It is unclear who assembled the list or how the campaign got it, but two campaign workers, who spoke on the condition of anonymity because of an ongoing federal investigation, said it was used in the final week before the Democratic primary election to register residents and get voters to the polls. The workers said the tenant roster was a tool used to target people the Gray campaign thought would support him over then-Mayor Adrian M. Fenty.
The list helped Gray’s campaign identify residents thought to be among the most sympathetic to his cause but who generally have not turned out in significant numbers in city elections.
The task of identifying potential voters changed with the 2010 primary, the first time the District allowed same-day voter registration and early voting. The Gray campaign engaged in a citywide strategy but stressed reaching out to seniors and public housing residents, the two former workers said.
Housing lawyers consulted by The Post said the use of such a list by a political campaign could violate a variety of laws and regulations, both federal and local, starting with the prohibition against using government resources for political purposes.
David Gilmore, who led housing authorities in several cities, including Seattle, San Francisco and Boston, and is now a consultant, said he was shocked that an official list of public housing residents would end up in the hands of a political campaign.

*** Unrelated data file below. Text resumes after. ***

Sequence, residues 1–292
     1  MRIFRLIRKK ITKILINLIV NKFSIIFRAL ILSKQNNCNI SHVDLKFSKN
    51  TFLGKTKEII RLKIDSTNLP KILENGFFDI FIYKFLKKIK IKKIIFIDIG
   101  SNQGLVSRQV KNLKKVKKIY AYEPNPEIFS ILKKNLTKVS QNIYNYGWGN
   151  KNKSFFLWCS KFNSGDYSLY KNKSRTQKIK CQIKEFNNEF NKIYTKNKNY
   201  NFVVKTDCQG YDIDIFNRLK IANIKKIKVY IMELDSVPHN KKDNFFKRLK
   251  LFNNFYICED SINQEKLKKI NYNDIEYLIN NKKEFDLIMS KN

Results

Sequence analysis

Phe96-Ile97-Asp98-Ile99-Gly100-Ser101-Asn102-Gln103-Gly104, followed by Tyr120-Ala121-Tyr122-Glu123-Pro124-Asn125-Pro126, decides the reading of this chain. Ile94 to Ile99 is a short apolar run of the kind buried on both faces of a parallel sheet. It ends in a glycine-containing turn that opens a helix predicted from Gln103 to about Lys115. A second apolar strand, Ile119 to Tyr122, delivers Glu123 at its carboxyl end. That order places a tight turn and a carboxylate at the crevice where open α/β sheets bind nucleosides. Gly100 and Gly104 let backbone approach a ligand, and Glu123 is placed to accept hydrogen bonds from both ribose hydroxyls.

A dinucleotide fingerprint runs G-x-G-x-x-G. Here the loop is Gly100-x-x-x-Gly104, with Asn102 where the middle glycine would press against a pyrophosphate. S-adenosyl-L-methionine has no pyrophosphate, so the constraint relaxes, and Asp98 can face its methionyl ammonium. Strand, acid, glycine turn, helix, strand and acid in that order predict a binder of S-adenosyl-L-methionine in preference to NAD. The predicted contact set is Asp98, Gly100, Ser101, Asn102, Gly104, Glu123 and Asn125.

“They absolutely have an ironclad responsibility to keep that stuff private,” he said of housing authorities.
The D.C. Housing Authority said it did not release the information and would not have done so even under a public records request. There is no record of a Freedom of Information Act request for the residents’ data in 2010, spokeswoman Dena Michaelson said.
Gray said he was unaware that his campaign staff had a database of public housing dwellers. “Frankly, such a list wouldn’t have been of any use,” Gray said in a statement. “My long-standing personal relationships with many community leaders in public housing allowed me to connect directly with people in these neighborhoods.”
The existence of the database and the campaign’s alleged use is the latest in a series of revelations about Gray’s 2010 election, which U.S. Attorney Ronald C. Machen Jr. has said was “compromised by backroom deals, secret payments and a flood of unreported cash.”
Machen’s investigation has led to guilty pleas from two campaign aides in a scheme to secretly pay a minor mayoral candidate to disparage Fenty and, most recently, a public relations consultant who admitted to orchestrating a $653,800 off-the-books “shadow campaign” to help get Gray elected.